It’s no surprise that obesity takes a toll on our health and bank accounts, but a new study has boiled down just how costly the epidemic is over a lifetime.
The price tag comes out to $19,000 per child, according to researchers from Duke Global Health Institute and Duke-NUS Graduate Medical School in Singapore, who published their findings in the journal Pediatrics. When that cost is multiplied by the actual number of obese 10-year-olds in the U.S., the lifetime medical costs for just this population reaches about $14 billion.
Researchers determined the cost of childhood obesity by analyzing existing medical data and costs related to obesity, and comparing it with the costs for normal-weight children who stay a normal weight into adulthood. Obesity can lead to cardiovascular disease, Type 2 diabetes and certain cancers. Payment for doctors’ appointments and medications were taken into account, but not costs like lost productivity as working adults or other indirect costs. When calculating for some normal-weight children becoming obese as they age, the cost of childhood obesity came out to $12,900.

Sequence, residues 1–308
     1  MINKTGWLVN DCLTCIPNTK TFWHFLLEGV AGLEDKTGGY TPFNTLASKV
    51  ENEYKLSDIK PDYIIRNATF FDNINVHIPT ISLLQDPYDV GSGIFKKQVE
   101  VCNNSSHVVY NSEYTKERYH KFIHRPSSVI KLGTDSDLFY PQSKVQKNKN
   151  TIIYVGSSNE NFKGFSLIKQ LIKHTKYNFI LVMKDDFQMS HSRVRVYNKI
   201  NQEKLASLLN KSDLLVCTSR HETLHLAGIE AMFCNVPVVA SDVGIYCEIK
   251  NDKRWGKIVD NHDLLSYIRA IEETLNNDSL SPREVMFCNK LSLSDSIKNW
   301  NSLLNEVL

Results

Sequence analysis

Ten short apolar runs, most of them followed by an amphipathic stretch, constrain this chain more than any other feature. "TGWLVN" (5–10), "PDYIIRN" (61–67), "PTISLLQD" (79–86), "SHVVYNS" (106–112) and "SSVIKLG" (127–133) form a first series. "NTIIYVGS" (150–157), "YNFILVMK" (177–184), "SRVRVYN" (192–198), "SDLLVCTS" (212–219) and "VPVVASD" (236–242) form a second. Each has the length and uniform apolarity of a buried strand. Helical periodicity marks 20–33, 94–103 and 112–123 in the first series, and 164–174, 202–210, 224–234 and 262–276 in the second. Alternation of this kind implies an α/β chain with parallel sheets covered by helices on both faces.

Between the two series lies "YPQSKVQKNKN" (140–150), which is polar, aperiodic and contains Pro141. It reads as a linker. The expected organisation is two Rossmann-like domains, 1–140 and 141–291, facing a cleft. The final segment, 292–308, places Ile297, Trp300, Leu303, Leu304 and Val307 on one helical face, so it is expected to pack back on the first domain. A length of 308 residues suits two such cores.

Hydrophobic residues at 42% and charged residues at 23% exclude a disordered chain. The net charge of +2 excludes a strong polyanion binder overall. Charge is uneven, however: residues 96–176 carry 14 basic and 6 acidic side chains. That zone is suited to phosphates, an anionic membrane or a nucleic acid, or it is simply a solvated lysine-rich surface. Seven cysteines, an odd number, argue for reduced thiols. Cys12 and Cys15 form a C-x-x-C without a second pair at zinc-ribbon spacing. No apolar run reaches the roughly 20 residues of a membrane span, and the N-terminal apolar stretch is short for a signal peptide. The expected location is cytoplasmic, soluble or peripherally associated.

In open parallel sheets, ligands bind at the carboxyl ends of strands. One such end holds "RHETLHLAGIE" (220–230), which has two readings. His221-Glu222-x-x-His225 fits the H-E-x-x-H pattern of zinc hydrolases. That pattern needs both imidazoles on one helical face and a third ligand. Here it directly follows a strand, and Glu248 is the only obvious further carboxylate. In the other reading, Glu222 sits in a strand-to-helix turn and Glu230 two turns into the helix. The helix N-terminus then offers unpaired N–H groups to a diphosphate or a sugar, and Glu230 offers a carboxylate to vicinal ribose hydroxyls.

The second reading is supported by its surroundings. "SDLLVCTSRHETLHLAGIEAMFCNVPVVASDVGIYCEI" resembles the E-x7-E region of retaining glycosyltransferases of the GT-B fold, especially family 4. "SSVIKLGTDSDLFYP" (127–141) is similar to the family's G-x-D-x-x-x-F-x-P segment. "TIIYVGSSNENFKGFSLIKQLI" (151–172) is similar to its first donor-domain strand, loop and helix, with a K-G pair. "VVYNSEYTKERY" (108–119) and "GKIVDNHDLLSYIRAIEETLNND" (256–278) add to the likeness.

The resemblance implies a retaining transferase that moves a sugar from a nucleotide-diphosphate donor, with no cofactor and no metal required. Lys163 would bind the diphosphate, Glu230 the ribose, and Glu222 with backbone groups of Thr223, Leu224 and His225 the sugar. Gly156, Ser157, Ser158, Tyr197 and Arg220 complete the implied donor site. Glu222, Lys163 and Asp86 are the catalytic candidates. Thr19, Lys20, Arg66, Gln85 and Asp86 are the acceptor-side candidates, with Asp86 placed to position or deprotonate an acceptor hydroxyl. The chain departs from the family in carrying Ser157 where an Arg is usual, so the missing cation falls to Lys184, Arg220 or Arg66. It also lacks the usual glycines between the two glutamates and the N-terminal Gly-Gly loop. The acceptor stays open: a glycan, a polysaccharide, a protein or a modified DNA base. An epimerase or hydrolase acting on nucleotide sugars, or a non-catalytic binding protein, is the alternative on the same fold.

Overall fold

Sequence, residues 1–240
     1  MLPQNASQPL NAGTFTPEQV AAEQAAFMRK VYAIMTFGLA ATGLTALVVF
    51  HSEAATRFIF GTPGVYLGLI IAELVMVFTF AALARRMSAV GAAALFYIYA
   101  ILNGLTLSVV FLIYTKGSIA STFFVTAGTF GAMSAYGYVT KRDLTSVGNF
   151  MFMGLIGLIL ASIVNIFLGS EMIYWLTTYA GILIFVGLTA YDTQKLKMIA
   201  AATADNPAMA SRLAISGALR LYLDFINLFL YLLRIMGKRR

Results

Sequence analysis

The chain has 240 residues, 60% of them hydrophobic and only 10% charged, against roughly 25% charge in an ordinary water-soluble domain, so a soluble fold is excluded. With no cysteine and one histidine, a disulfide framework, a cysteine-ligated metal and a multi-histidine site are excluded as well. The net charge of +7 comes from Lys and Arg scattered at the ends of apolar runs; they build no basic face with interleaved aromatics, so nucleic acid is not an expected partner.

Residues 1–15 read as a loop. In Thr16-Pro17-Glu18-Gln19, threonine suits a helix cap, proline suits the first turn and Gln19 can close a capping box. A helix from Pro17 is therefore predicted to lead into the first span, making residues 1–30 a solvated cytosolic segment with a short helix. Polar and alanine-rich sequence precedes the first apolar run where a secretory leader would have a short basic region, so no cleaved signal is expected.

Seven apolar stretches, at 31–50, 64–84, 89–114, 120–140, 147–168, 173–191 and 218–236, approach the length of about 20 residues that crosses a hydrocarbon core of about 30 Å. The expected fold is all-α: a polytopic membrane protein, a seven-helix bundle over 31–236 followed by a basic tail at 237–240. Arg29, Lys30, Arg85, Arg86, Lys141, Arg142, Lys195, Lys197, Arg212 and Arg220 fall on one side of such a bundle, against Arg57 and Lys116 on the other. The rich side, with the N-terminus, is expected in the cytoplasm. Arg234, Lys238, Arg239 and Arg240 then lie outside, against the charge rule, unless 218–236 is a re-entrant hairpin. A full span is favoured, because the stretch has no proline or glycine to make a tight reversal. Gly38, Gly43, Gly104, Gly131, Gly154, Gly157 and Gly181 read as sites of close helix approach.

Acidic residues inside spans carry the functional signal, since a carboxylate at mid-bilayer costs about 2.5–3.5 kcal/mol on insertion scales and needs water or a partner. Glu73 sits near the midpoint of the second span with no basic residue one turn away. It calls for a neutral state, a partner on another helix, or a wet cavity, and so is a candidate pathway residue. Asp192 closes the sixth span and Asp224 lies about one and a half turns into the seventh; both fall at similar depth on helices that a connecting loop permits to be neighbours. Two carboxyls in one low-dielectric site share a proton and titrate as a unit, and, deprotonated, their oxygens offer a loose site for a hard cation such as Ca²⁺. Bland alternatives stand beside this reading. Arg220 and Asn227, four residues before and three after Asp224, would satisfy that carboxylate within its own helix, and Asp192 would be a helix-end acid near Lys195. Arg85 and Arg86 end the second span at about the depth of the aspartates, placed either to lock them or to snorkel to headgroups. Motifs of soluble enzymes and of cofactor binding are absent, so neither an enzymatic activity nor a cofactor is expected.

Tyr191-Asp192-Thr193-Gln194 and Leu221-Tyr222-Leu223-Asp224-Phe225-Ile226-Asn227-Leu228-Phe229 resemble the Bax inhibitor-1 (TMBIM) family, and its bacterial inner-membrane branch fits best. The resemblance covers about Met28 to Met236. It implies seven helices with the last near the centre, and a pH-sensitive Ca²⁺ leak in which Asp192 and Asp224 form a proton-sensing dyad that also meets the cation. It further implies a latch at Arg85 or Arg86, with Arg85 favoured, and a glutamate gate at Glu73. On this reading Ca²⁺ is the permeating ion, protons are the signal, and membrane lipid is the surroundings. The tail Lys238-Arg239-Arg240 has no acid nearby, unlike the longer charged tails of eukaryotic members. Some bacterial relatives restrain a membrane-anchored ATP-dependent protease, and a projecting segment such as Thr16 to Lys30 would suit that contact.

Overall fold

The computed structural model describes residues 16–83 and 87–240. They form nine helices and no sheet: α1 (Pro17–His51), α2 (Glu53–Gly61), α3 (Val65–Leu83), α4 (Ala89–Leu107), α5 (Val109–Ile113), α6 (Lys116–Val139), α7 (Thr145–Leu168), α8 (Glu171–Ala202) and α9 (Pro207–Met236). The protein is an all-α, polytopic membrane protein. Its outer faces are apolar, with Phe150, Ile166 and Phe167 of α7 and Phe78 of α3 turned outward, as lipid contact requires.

“Reducing childhood obesity is a public-health priority that has substantial health and economic benefits,” said lead author Eric Andrew Finkelstein. “These estimates provide the financial consequences of inaction and the potential medical savings from obesity-prevention efforts that successfully reduce or delay obesity onset.”
Childhood is an important time to target obesity, as most obese children remain obese into adulthood. The most recent obesity numbers from the Centers for Disease Control and Prevention, though, are promising, reflecting that obesity rates among 2- to 5-year-olds dropped 43% in the past decade. At the same time, obesity overall in the U.S. remained relatively unchanged.